Parashat Vayishlach – Erev Shabbat 9 December 2022 (5783)
Week of 4 – 10 December 2022.
Torah portion: Genesis 32:4-36 :43   Haftarah: Obad. 1:1-21
Theme: Jacob becomes Israel

This parashah begins as Jacob prepares to return to his home and birthplace. This is a momentous event as twenty or more years have passed between the time the young Jacob displaced his twin brother, Esau, and the time that the parashah opens. Jacob is both frightened and anxious as he begins the journey. Distress or anxiety is a stronger emotion than fear. The prospect that he might be forced to kill, was more disturbing to Jacob than the possibility that he might be killed (Chumash 171) Thus the time has come to face the past before being able to move forward.

In the midst of all this turmoil within himself Jacob has a confrontation with a ‘man’. The stage has been set for something mysterious to happen with a nighttime backdrop and accentuated references to ‘crossings’ (32:23-24), which clearly refer to more than just the river. Struggle, the motif already introduced in the mother’s womb (Gen. 25) returns here, but that is not the only consideration. At issue is Jacob’s whole life and personality, which despite his recent material successes are still under the pall of Esau’s curse (27:36). This story with a ‘man’ provides the background to the tale of reconciliation and raises important questions about the nature and meaning of the name ‘Israel’.

Rashi (Chumash 175) sees this story between Jacob and the ‘man’ as the eternal struggle between good and evil, between the human being’s capacity to perfect the self and Satan’s determination to destroy the human being spiritually. Many commentators have tried to explain the phrase used ‘a man wrestled with him’. In Hosea (12:5-6) the prophet states specifically that Jacob ’strove’ with a divine being (elohim); he strove with an angel (malach) and prevailed. However here the mysterious being that appears suddenly as Jacob’s adversary is described only as an ish, translated here as ‘a man’. However it can mean a challenging figure that need not be human but could be divine.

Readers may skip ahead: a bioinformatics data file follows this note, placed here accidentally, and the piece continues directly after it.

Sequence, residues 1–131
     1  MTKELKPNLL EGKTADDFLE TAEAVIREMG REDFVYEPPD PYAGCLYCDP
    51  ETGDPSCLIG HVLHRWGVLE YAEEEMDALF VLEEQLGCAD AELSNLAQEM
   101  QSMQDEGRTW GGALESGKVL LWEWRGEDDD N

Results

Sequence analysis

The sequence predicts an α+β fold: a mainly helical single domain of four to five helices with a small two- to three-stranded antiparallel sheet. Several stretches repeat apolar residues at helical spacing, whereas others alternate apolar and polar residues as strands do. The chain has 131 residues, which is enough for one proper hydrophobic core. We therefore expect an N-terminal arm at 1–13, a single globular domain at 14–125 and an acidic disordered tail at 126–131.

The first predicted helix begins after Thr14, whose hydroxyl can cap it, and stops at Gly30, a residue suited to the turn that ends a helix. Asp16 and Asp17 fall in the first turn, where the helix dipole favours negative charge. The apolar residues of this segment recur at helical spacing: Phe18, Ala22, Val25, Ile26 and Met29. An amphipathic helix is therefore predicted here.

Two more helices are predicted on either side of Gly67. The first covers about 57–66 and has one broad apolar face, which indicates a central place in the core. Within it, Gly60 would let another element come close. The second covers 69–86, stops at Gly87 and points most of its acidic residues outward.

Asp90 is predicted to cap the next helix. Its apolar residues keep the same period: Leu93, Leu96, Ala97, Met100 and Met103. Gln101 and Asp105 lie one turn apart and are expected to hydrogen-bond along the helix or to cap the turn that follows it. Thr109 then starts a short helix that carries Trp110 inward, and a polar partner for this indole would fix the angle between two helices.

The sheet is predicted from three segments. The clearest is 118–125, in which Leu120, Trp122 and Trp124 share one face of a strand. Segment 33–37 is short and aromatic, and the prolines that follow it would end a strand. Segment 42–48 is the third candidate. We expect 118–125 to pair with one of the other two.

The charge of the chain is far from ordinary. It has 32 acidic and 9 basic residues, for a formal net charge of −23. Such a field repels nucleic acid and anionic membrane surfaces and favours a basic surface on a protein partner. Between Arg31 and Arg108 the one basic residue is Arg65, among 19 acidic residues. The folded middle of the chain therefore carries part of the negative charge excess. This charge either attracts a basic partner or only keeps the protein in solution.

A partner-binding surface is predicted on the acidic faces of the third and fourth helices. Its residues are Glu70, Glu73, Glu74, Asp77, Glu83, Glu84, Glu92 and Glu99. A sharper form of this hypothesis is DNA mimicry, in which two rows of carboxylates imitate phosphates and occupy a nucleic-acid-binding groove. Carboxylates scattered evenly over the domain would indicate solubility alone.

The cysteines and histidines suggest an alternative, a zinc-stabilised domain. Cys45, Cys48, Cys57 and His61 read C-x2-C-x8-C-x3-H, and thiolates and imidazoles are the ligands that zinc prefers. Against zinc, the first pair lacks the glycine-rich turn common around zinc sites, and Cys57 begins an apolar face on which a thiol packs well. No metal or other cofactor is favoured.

Esther Spitzer (Plaut, 237) offers an explanation of the struggle by connecting it to suffering. “I will not let you go unless you bless me” (32:27). What did Jacob mean by this? She says he meant that ‘I will not part from this experience unless I find a meaning to my suffering’. Suffering of itself does not heal; only suffering that has a meaning, and is accepted willingly, has the power to heal, to transform an individual into a whole person. Transformation, or real change of character, can take place in a person only when, through suffering, the person engages in an active struggle with the Shadow, the dark side of the self.  Jacob cannot fully face his own past unless he seeks reconciliation with Esau, and this he can do only if he becomes a different person. When Jacob becomes Israel he can achieve reconciliation with his brother. The text tells of God’s role in Jacob’s renewal; Jacob becomes Israel only with God’s help, hence God’s name is embedded in the cognomen, Isra-el that the forefather now bears.

For Reflection and Discussion1. What does this parashah teach us about relationships and enmity within families? 2. Do acceptance and giving meaning to suffering bring inner wholeness and transformation? 3. Reconciliation came about by an individual’s change of attitude; can this happen today?

Bibliography: Plaut. The Torah, A Modern Commentary (NY Rev.2006); Fox. The Five Books of Moses (NY 2000); Ezkenazi ed. The Torah, A Woman’s Commentary (NY 2008); The Chumash Stone Edition.

This week’s Parasha Commentary was prepared by
Teresa Marie Healey, OP
South Africa, Bat Kol Alumna: 2010.

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